John Wiseman

(1919—1991) economist

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Wiseman was born in the Lancashire district of Brierfield near Burnley on 22 December 1919, and died in York on 20 January 1991. He was the youngest of six surviving children, all living in a ‘two-up and two-down house’. His father was a foreman at the local Co-operative Society coalyard, and his mother started work in the mill at the age of eleven. Educated at Nelson Grammar School (he was one of only three children in his year to pass the scholarship examination), Wiseman left school at the age of fifteen and started clerical work at the age of seventeen. He first encountered economics at evening class in Burnley. He was awarded a scholarship to study for a degree on a part-time basis at London School of Economics, which he planned to start in October 1939. The Second World War intervened and he joined an infantry unit of the Territorial Army, ensuring immediate mobilization on 1 September 1939. His Lancastrian regiment was disbanded and he was transferred to the King's Own Scottish Borderers. Following the war, in October 1946, Wiseman entered the LSE as a full-time student, where he was taught by such eminent figures as robbins, hayek and Coase. He graduated in 1949, married his first wife, Jeanne, in September (they had one Child, Susan) and was appointed to a one-year assistant lectureship at LSE, where he remained until 1964. At the age of thirty-four, he was appointed as lecturer in economics at the LSE and then reader in 1962.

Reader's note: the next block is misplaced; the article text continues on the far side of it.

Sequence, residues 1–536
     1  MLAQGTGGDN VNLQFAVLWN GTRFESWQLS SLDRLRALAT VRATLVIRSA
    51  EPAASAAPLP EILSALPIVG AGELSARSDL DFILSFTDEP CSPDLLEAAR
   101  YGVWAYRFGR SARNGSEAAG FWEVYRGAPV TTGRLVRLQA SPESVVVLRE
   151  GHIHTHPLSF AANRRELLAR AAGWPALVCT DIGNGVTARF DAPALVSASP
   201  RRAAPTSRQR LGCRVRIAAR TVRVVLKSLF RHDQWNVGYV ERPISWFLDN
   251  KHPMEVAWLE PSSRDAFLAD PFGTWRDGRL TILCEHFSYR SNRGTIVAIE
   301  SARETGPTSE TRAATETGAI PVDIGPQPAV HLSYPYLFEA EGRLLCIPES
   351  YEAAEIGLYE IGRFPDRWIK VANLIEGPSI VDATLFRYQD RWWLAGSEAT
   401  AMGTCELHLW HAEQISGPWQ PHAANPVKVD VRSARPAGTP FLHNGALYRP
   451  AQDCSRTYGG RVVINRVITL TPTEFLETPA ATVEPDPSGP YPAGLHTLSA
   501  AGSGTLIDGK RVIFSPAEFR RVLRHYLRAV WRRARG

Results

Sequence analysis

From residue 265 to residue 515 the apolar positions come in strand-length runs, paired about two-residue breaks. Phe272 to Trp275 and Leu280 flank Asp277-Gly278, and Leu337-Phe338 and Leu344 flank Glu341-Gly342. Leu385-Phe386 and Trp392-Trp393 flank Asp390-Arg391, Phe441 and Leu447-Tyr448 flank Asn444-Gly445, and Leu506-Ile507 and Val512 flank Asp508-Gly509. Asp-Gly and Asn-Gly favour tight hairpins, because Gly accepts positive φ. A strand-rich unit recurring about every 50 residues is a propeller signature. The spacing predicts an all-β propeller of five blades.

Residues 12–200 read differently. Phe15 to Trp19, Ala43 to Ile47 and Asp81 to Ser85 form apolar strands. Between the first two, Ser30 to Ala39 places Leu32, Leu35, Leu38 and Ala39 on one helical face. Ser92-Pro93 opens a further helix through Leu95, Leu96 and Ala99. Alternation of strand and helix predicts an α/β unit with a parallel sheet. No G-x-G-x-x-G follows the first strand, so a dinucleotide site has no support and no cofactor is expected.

From The Biographical Dictionary of British Economists in Oxford Reference.

Subjects: Economics.

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